Hotels Turn Away South Koreans, Chinese Smash Goods as Missile Row Widens

2017-03-13
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Police break up anti-South Korea protests in Chengdu, Sichuan, in an undated photo.
Police break up anti-South Korea protests in Chengdu, Sichuan, in an undated photo.
Photo courtesy of an RFA listener

Hotels in northeastern China said they are refusing to take South Korean guests on Monday, while protesters elsewhere in the country filmed themselves smashing goods from South Korea in an ongoing row over Seoul's deployment of a U.S. missile defense shield.

Residents of the northeastern Chinese city of Hunchun in Jilin province said anti-Korean sentiment is running high in the town.

"For example, a lot of [South Korean] goods have been taken off the shelves of the supermarkets," one Hunchun resident told RFA on Monday. "Either that or nobody's ordering alcoholic drinks from [South Korea] any more."

"Basically it's that sort of thing," the resident said.

Sources said hotels in the city are refusing to take guests from South Korea, after its government began deploying the Terminal High Altitude Area Defense (THAAD) antimissile system last week.

The move has drawn strong diplomatic protests from Beijing, and sparked demonstrations and store closures at outlets of the South Korea retail chain Lotte across China.

An employee who answered the phone at a hotel in Hunchun confirmed the report.

"We're not accepting [South Korean guests] either," the employee told RFA on Monday. "Not for the time being."

An employee at a second hotel said she wasn't authorized to turn guests away.

"But if some South Korean nationals wanted to stay here, I'd have to check with my boss," she said.

Cruise ship

On Saturday, all 3,400 Chinese passengers refused to disembark from a cruise ship after it docked at popular tourist destination Jeju Island.

Some 80 tour buses were lined up to take them around the island, but the guests opted to stay aboard the Costa Serena cruise ship for four hours before it headed to the northern Chinese port of Tianjin, Chinese media reported.

The nationwide anti-Korean protests appear to have been fueled by rising nationalist sentiment on social media.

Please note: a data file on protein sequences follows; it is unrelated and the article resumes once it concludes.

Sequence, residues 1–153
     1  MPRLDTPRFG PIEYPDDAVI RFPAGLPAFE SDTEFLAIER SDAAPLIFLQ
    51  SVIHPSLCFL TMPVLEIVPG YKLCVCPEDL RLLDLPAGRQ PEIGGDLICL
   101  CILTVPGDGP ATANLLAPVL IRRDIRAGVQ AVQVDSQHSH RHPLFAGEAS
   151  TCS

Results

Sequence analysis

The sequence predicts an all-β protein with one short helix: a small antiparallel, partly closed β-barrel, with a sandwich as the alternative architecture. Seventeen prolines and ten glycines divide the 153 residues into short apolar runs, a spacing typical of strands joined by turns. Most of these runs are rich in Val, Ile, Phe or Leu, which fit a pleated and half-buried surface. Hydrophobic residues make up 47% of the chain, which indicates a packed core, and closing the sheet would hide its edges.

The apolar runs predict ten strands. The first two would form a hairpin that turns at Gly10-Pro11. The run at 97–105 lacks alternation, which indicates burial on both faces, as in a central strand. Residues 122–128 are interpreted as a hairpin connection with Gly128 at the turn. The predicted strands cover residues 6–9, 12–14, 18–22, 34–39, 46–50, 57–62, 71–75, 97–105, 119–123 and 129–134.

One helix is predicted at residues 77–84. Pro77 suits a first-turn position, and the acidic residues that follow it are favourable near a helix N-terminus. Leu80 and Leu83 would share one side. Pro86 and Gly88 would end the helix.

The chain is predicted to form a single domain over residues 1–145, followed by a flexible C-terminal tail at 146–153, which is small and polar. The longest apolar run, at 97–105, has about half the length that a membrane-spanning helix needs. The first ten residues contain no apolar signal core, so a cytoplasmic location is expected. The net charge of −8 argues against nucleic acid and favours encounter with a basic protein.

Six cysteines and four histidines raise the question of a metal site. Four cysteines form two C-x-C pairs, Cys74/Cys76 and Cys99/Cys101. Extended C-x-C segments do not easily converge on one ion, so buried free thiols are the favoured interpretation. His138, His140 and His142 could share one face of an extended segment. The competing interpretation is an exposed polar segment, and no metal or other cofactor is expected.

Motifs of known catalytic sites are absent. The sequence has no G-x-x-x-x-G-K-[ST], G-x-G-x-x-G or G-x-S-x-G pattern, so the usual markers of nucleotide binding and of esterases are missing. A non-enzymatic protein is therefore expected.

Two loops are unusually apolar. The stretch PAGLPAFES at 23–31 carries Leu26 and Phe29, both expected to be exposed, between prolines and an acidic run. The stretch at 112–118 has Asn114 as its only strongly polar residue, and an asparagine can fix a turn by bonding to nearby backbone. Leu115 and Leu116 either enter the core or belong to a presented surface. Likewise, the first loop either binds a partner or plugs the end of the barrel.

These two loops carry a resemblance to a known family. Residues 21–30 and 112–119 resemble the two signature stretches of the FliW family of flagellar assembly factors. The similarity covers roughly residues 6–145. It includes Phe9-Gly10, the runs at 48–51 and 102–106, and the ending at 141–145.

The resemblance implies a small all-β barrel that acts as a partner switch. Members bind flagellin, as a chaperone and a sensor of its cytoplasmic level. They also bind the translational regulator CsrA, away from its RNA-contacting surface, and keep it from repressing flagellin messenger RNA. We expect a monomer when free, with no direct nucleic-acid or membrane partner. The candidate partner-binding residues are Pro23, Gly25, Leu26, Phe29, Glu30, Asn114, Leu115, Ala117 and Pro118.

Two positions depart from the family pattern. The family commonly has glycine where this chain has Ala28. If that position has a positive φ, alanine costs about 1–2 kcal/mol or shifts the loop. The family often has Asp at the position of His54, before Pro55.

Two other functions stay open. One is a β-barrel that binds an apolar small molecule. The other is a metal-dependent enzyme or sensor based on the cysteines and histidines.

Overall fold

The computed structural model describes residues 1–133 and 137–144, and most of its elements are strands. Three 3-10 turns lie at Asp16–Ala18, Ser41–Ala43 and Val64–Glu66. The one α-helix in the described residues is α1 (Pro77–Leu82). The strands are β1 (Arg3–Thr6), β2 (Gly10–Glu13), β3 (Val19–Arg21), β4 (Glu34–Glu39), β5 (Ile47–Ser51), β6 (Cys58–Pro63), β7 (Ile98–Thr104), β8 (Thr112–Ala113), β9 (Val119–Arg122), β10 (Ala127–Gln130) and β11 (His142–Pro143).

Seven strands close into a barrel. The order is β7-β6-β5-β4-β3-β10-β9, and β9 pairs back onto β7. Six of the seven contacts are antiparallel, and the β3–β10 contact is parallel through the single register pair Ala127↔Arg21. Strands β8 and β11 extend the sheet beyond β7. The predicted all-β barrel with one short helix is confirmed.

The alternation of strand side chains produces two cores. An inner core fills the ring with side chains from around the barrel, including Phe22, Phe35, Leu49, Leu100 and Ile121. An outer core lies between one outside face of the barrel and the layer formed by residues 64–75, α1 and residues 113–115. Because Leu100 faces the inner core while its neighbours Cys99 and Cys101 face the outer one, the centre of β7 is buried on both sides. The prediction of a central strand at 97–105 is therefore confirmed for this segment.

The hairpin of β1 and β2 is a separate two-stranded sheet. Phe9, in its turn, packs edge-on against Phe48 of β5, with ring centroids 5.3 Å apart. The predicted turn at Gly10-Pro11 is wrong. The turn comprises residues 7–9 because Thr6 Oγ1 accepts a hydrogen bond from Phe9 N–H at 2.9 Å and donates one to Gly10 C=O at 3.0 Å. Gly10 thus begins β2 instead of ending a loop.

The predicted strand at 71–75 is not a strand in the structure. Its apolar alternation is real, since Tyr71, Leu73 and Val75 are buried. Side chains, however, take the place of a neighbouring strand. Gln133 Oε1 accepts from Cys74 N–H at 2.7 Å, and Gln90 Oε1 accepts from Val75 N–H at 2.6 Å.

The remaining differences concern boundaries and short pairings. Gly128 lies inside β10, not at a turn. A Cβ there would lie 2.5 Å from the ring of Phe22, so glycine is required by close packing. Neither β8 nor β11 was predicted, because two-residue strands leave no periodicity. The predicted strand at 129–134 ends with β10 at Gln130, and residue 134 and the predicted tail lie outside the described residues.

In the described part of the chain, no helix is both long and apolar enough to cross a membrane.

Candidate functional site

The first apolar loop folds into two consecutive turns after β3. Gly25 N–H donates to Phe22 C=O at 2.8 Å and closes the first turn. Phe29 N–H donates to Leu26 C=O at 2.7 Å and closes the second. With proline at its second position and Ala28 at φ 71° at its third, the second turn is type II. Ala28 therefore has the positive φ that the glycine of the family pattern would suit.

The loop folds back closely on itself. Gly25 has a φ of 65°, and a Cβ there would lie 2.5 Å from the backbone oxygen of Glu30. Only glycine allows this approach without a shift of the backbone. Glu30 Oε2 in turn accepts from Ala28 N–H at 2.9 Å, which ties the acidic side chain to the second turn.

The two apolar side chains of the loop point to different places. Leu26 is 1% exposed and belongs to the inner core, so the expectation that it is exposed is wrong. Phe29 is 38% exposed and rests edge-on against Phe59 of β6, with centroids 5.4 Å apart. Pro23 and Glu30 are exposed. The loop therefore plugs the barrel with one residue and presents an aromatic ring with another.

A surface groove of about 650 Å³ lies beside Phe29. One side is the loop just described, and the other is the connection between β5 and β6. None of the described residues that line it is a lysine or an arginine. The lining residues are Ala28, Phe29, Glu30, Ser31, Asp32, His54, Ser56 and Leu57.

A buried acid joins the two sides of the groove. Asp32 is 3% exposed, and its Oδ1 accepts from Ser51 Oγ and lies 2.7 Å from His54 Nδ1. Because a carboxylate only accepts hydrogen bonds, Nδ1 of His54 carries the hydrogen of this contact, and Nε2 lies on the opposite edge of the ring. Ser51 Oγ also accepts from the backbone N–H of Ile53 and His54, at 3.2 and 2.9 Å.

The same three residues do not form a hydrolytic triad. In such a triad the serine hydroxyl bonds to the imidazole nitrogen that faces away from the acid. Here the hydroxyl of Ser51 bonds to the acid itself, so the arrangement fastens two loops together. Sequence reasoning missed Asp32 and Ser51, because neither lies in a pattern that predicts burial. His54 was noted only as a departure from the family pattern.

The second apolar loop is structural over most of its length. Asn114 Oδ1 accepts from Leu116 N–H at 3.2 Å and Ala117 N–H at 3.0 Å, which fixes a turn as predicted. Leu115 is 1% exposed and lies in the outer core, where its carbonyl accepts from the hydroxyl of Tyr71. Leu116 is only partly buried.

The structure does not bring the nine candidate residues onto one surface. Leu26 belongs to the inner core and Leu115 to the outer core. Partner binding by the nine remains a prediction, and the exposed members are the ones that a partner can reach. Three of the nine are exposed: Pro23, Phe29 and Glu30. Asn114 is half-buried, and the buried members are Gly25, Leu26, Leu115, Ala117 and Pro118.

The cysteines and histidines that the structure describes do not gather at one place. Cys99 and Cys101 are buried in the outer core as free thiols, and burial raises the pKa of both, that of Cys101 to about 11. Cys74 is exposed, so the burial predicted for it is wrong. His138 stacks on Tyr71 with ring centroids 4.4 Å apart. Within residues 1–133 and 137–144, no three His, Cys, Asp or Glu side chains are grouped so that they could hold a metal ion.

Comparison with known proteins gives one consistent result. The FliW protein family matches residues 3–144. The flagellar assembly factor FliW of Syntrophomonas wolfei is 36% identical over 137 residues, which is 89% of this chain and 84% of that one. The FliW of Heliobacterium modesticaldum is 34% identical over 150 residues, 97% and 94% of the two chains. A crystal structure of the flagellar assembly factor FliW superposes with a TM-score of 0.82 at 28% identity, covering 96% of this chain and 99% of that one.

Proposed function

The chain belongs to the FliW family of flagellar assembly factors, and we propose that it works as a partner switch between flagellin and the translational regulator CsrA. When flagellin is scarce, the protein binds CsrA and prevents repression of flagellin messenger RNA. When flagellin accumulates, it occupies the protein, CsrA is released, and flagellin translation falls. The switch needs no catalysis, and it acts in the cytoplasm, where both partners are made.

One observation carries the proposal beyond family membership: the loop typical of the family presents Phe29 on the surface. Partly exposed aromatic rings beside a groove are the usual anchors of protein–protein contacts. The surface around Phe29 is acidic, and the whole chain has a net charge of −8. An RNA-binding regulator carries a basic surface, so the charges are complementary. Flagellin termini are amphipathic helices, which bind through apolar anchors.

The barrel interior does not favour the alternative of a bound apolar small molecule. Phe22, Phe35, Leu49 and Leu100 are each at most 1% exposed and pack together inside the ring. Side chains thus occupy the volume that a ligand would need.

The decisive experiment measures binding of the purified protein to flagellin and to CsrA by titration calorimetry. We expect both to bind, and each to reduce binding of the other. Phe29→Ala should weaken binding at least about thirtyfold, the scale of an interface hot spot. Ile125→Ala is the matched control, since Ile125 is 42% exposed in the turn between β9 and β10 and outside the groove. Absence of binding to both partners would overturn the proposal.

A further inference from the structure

One passenger tweeted to their Weibo account: "The itinerary was set a long time ago before the THAAD incident, but we have chosen to support our country."

"Everyone in our company is of one mind on this and we have had a lot of approval from Chinese people online," the passenger wrote.

"They approved of us 'annoying them to death from across the sea' and thanked us for saving China's face," the tweet said.

Meanwhile, video footage circulating online showed men in black clothing smashing up packets of South Korean food in a supermarket.

Another showed black-clad men smashing a South Korean-made washing machine on the streets, watched by a few dozen people, while the Chinese national anthem blared from nearby speakers.

Another video of lines of military vehicles parked by a roadside claimed to illustrate a build-up of People's Liberation Army troops near the border with North Korea. RFA was unable to verify the footage independently.

Reining in protests

There are signs, however, that the authorities are moving to contain the protests, for fear that they may get out of hand.

"I think they are moving to ban this sort of thing now," a journalist who gave only his surname Chen told RFA following reports that authorities in the northern province of Hebei have already detained one person in connection with protests at a Lotte store.

"I think it was [the government] who initiated these things, who incited people to [protest]," he said.

"But they are also worried that they will lose control of the situation and perhaps that it might become something different, like a protest by ordinary people against the Chinese government."

"Another thing is that they are worried that the protests might affect other foreign businesses, as a lot of foreign investors are leaving China right now because they don't think it's a favorable investment environment," Chen said.

Current affairs commentator Jia Pin agreed, saying the Maoist left in China is a force to be reckoned with for the administration of President Xi Jinping.

"Mass movements have been a favorite method of the Chinese leadership in recent years, but they are also afraid that they will turn into a genuine mass movement," Jia said.

"There is a hard-left element in these things that is very extreme," he said. "Once they come out onto the streets, the government wouldn't be able to control things, and that's not an outcome that they would wish to see."

"On the other hand, the government can't pass up this opportunity to put pressure on South Korea, but things are getting embarrassing now," he said.

Reported by Yang Fan for RFA's Mandarin Service, and by Wong Siu-san and Wong Si-lam for the Cantonese Service. Translated and edited by Luisetta Mudie.

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Anonymous Reader

Anti-foreign incitement commonly occurs in mainland China's state-run and state-controlled media. Today it's South Korea, while tomorrow it might be Japan, the US, some other Western country, or Vietnam. Vicious ultra-nationalism is a negative policy by any government over the long run as it reflects more poorly on the one doing the denunciation than the one being yelled at.

Mar 15, 2017 03:32 PM

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